Making the decision to have a garden seemed easy, but deciding what to plant is a whole other ballgame. While many might think that it is simply a matter of going to the local nursery and picking up a few plants, there is actually a bit more that goes into the process. Below are some starting points to consider before jumping in the car and heading out to pick out those plants.
The phrase “location, location, location” is important in the real estate world. It is also important in the gardening world. Deciding where to plant is almost as important as what to plant. There are numerous places that will work: back yard, front yard, deck or patio. Picking the optimal spot on the property is key to a successful gardening experience. Why? Gardens need a variable amount of sunlight. Areas that are completely shady will need plants that can be grown in the shade only. Full sun areas will require plants that can handle constant heat. The best choice is one that is a combination of both sun and shade.
Once a location has been determined, take a look at how much space is available to plant flowers, vegetables and herbs. Measuring out the intended area designated for the garden space will be one of the deciding factors in picking out the right plants. If the space is small, such as a deck or patio, then perhaps it is best to do a container garden and only choose a few pretty flowers, or even a tomato plant that can be trellised. If the area has more room, then a larger garden is in order. If no space is available, then consider an herb garden on the kitchen windowsill.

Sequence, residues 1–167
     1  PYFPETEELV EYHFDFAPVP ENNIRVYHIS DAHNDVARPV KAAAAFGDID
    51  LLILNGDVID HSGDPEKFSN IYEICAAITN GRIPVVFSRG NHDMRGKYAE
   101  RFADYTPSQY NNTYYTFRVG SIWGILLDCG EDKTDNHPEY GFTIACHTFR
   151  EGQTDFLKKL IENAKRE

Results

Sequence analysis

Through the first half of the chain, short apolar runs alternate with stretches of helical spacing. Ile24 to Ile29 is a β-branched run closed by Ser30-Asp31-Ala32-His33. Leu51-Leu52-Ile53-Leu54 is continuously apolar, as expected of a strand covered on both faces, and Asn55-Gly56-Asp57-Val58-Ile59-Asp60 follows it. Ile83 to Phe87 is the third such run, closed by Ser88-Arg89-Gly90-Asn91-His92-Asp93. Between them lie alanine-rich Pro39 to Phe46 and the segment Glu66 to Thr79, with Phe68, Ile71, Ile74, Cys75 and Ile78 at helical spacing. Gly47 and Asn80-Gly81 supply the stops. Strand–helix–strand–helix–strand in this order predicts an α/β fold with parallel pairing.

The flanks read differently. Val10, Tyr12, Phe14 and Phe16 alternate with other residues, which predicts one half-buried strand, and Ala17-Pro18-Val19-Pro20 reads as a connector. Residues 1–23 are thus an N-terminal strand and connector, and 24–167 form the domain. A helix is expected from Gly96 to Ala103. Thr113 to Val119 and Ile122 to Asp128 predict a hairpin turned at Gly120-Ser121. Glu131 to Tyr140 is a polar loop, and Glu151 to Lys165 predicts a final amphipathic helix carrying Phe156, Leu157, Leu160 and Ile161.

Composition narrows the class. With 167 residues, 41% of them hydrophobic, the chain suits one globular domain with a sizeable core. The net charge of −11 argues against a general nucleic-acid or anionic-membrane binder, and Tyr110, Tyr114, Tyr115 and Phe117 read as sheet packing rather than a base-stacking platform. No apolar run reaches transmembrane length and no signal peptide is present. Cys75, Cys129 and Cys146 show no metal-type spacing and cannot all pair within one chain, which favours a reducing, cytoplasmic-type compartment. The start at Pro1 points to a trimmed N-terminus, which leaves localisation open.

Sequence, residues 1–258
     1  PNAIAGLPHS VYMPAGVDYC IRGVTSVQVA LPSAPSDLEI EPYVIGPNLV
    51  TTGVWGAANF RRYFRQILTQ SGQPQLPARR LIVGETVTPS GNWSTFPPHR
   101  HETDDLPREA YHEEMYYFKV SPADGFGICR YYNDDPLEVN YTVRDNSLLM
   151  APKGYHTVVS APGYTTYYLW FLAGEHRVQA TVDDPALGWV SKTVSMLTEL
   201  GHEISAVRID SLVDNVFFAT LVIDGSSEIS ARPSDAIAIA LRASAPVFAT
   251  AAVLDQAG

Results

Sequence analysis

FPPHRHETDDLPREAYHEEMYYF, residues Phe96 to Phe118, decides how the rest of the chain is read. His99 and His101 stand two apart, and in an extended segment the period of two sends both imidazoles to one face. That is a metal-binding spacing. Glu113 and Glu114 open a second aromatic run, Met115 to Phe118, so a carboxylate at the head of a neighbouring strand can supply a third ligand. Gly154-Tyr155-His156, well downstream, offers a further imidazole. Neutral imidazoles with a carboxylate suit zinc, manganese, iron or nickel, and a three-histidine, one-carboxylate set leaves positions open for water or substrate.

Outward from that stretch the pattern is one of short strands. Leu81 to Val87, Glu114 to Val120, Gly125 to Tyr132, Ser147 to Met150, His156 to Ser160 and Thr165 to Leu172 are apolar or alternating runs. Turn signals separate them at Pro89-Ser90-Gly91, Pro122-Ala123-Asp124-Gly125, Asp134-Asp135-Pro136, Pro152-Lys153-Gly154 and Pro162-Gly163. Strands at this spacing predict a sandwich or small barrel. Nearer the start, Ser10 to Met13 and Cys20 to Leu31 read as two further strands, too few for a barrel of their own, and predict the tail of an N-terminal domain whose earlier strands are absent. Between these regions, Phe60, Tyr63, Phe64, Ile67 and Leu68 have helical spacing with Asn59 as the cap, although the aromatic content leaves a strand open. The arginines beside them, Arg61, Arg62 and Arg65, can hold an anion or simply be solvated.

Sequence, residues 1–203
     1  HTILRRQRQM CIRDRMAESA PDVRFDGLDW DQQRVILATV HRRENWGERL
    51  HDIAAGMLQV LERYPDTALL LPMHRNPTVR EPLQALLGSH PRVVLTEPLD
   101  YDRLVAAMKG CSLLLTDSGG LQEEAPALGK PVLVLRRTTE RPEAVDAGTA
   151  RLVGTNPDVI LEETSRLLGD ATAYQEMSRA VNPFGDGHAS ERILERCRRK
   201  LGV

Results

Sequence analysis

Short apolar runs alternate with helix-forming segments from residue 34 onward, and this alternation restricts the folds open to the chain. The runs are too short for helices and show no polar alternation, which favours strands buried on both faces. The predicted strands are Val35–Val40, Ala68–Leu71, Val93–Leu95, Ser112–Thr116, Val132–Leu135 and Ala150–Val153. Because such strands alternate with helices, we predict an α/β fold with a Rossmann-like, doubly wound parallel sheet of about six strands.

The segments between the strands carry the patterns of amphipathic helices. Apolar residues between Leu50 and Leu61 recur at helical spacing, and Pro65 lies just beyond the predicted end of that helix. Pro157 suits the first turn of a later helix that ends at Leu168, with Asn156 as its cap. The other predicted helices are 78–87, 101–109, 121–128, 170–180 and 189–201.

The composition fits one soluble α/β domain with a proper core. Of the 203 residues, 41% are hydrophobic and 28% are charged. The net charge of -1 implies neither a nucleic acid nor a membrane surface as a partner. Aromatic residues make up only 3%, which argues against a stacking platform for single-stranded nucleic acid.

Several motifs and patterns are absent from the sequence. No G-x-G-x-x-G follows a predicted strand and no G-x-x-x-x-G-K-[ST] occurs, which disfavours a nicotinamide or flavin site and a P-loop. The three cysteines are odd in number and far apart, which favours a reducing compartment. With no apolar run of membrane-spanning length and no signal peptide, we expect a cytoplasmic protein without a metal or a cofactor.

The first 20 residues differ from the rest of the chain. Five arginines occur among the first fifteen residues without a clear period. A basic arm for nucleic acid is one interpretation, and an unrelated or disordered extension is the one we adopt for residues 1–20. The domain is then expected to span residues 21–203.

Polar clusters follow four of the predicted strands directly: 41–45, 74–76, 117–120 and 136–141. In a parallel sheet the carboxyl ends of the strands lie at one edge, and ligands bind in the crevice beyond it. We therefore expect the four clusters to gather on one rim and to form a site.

Soil conditions are also important. There are three types of soil: clay, sand and loam. Dirt that has too much clay may be nutrient rich, but drains very slowly. Dirt that has too much sand drains well but does not retain any nutrients or moisture. Loam is the ideal soil as it has the ability to retain both nutrients and moisture while not being soggy. Also, if the ground has been tainted with any type of chemical, it may cause plants to not grow. Even over-tilling the soil can cause problems for the seasoned gardener.
Plants tend to like well-drained, moderately organic soil. The features of this type of soil include a rich, crumbly texture and a dark color. If the ground in which the garden is to be planted does not resemble this, then it needs to be amended. Talk to a garden professional to determine the best type of amendment to use. Describe the soil condition or bring a sample. Additionally, dirt that is too acidic or alkaline based will require a different type of amendment. Many nurseries or home and garden centers carry pH test kits.
Now that those points have been taken into consideration, the fun can begin. Let the imagination run wild. Take out the pad of paper and a pencil and get ready for the second part of this article on deciding what to plant in the garden.
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